The show features 20 artists who examine the slippery nature of what seeking cover and comfort looks like. For some, these explorations are specific and literal. For others, they move like brackish water between the four categories that emerged from the submissions: earth, house, body and spirit.

Some artists offer shelter by grounding the viewer in the underbrush; some use rich textures to explore the care, tenderness and occasional exhaustion that bodily shelters can offer to the self and others; and some look deeply inward towards the spirit as a reprieve. This collection of works show how multi-faceted the idea of shelter can be: comforting, powerful, fallible, tender, exhausting, and essential.

[ON]now is a series of online exhibitions juried by guest curators that present the work of Maine artists in a digital venue, expanding the possibilities of showing and viewing contemporary art beyond CMCA’s physical walls.

CMCA, in Rockland, is temporarily closed. For more information, go to

Eastport Gallery presents ‘Hearts for the Arts’

“Hearts for the Arts” group exhibit.

Celebrate the season of love with the Eastport Gallery’s “Hearts for the Arts” community show and silent auction, Feb. 1 to 14. The exhibition, which will take place both online and in the Eastport Gallery’s windows at 109 Water St., is a “beautiful reflection of talent and love for our area,” notes gallery president Joan Lowden.   

“Let Me Call You Sea Heart,” by Susan Moore.

The community artist response has been overwhelming with over 90 stunning heart-themed pieces available for bid.  Sales benefit the individual artists and the Eastport Gallery, promoting community outreach programs such as art and literary talks, and youth shows by the Eastport Schools art program.  Full catalog of auction items is available for download at:

Bid in the silent auction via Facebook at

The online auction will end on Valentine’s Day with a Zoom Valentine’s Day party featuring love songs by local musicians, a showcase of the art available for bid, and a chance to mix and mingle with friends, old and new, in an online reception. A Zoom link will be available at

New works by Willa Vennema at Harbor Square Gallery

Willa Vennema, The Peaceful Use of Walls: Village Series, diptych, at Harbor Square Gallery

Harbor Square Gallery is featuring several new works by Willa Vennema for the last show of our 2020 season. The show is open now and into the new year.
Working with encaustic, Vennema manipulates layers of rich texture and color to manifest semi-abstract landscapes that reflect her memories of hiking through the Maine woods and boating along “…the rocky shores of the many uninhabited islands of the spectacular ‘Bold Coast’” (Vennema). Harbor Square Gallery welcomes you to view Vennema’s work, which is currently displayed along our mezzanine.
The gallery is open by chance or appointment.
Contact us at or by phone (207) 594-8700 for more information.
Harbor Square Gallery
Beauty Will Redeem the World
(207) 594-8700

Soulful Stitching: give art and support artists

Soulful Stitching

Indigo Arts Alliance is thrilled to announce that, in early 2021, it will partner with Cove Street Arts to host Soulful Stitching, an exhibition of the handmade, patchwork quilts called “kawandi” of the Siddis of India. This exquisite exhibition has been curated by renowned scholar Henry J. Drewal and scholar/artist Sarah K. Khan, fall 2019 artist in residence at IAA.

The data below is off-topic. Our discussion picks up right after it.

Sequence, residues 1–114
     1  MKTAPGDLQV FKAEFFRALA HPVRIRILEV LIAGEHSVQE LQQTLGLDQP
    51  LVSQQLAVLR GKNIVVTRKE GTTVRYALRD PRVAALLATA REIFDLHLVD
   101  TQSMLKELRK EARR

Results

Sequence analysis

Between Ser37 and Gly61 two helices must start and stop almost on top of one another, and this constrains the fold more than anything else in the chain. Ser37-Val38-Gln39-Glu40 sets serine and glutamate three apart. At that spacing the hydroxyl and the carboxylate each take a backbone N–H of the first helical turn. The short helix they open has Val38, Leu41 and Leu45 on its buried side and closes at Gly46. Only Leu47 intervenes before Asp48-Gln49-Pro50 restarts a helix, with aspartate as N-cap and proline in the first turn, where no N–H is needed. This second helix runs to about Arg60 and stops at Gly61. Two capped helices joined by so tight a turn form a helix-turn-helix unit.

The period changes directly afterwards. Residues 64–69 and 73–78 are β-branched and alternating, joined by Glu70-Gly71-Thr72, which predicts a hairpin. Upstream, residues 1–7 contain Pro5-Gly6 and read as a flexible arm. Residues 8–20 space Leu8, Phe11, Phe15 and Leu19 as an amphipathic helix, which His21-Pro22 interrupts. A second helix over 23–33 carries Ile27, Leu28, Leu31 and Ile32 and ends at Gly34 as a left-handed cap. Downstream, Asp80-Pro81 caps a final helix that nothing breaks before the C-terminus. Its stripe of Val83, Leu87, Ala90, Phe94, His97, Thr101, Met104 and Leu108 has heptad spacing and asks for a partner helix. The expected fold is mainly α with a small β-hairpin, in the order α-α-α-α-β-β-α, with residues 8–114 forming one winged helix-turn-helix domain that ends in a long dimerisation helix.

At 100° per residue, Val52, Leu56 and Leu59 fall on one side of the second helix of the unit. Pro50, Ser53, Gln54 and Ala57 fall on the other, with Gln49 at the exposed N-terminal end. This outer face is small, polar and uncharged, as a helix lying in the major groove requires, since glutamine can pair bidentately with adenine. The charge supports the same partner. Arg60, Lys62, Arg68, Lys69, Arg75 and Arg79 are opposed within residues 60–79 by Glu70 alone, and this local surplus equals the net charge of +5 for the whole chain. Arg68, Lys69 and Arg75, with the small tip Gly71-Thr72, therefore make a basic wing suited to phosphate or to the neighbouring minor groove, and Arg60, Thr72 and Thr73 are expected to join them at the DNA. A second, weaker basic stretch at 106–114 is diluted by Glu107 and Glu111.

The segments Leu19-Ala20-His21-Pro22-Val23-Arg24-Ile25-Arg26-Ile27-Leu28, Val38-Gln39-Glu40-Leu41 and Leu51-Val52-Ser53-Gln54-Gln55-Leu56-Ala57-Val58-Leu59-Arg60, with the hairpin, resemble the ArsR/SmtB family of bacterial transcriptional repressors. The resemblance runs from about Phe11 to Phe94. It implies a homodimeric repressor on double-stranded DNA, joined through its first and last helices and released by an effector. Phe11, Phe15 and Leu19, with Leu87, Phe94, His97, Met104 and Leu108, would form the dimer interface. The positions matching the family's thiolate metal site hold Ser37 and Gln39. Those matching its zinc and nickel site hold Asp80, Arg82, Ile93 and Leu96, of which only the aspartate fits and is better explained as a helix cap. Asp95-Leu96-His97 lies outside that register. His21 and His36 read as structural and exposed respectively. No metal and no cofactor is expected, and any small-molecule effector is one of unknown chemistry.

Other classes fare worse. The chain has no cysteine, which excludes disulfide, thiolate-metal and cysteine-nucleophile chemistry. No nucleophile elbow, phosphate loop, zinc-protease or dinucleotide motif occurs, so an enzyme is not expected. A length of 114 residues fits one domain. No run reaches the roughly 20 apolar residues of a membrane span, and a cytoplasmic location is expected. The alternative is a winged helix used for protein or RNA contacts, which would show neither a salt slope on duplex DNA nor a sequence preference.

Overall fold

The Siddis of Karnataka, India, are the descendants of both early African immigrants to South Asia and enslaved Africans brought to Goa on India’s west coast by the Portuguese beginning in the 16th century. Gradually, they escaped slavery and moved southward into the remote Western Ghatt mountains of Northern Karnataka in order to create free, independent African diaspora communities. While they have adopted, adapted and integrated many aspects of Indian cultures, Siddis have also retained and transformed certain African traditions. In the visual arts, one tradition stands out: the patchwork quilts known as kawandi.

A limited number of these very special kawandi quilts are on pre-sale now. Proceeds help support Indigo Arts Alliance and the Siddi Quilters.

Learn more at

‘Small Works for Christmas’ virtual exhibit

“LOOKING FORWARD,” by Alison Rector.

Caldbeck Gallery presents the virtual exhibit “Small Works for Christmas,” featuring work by Sam Cady, Lise Bécu, Krisanne Baker, Dan West, Alsion Rector, Anne Alexander, John Woolsey and David Dewey.

View the e-catalog at

Caldbeck Gallery is at 12 Elm St., Rockland. Gallery hours are noon to 4 p.m. Wednesday through Friday and by appointment. For more information, email, go to, or call 207-594-5935.

‘Maine Rivers & Industry’ photo exhibit by Jon Linn

Photo by Jon Linn.

Jon Linn Aerial Photography announces the posting of their new collection at the Jon Linn Gallery, 33A Front St., Belfast, and online at

The show is available to view online now, and prints can be viewed at the gallery starting on Jan. 1. Gallery hours are 11 a.m. to 4 p.m. on weekends.

The “Maine Rivers & Industry” collection is comprised of 34 aerial photographic images of scenes centered on active and defunct industrial mills. Locations include Maine’s eight remaining operating Pulp & Paper mills and towns along the Androscoggin River, Penobscot River and Kennebec River.

All images in the collection were captured in 2020, some even documenting structures shortly before catastrophic events, e.g., the Pixelle Mill six weeks before the digester explosion and S.D. Warren in Westbrook one week before the Presumpscot River landslide.

Linn’s landscape photos seek to create mood and drama through light and shadows, texture and layers, drawing the viewer’s attention to the horizon and back. Their focus is on the sky, horizon, hills and foreground, with Anthropocene structures as context. 

Prints are available for sale at the gallery and online (metal prints, dye-sublimation on aluminum). They are all landscape oriented, 16:9 aspect ratio. Sizes range from 12” to 48” wide. Contact Jon Linn for details at

Learn more about the artist at